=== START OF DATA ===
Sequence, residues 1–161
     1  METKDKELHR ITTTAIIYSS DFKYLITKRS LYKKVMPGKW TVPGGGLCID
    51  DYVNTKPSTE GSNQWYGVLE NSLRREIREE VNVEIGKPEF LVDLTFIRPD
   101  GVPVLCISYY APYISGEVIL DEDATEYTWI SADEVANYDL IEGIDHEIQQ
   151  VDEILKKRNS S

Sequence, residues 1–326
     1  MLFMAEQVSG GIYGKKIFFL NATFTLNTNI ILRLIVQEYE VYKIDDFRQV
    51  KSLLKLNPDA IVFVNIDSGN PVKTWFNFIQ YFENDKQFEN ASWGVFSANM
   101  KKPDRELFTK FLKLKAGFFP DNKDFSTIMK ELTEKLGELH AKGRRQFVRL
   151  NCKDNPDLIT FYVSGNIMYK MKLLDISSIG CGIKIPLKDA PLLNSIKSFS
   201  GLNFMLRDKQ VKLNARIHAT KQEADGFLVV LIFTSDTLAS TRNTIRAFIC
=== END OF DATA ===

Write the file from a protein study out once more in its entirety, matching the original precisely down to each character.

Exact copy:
Sequence, residues 1–161
     1  METKDKELHR ITTTAIIYSS DFKYLITKRS LYKKVMPGKW TVPGGGLCID
    51  DYVNTKPSTE GSNQWYGVLE NSLRREIREE VNVEIGKPEF LVDLTFIRPD
   101  GVPVLCISYY APYISGEVIL DEDATEYTWI SADEVANYDL IEGIDHEIQQ
   151  VDEILKKRNS S

Sequence, residues 1–326
     1  MLFMAEQVSG GIYGKKIFFL NATFTLNTNI ILRLIVQEYE VYKIDDFRQV
    51  KSLLKLNPDA IVFVNIDSGN PVKTWFNFIQ YFENDKQFEN ASWGVFSANM
   101  KKPDRELFTK FLKLKAGFFP DNKDFSTIMK ELTEKLGELH AKGRRQFVRL
   151  NCKDNPDLIT FYVSGNIMYK MKLLDISSIG CGIKIPLKDA PLLNSIKSFS
   201  GLNFMLRDKQ VKLNARIHAT KQEADGFLVV LIFTSDTLAS TRNTIRAFIC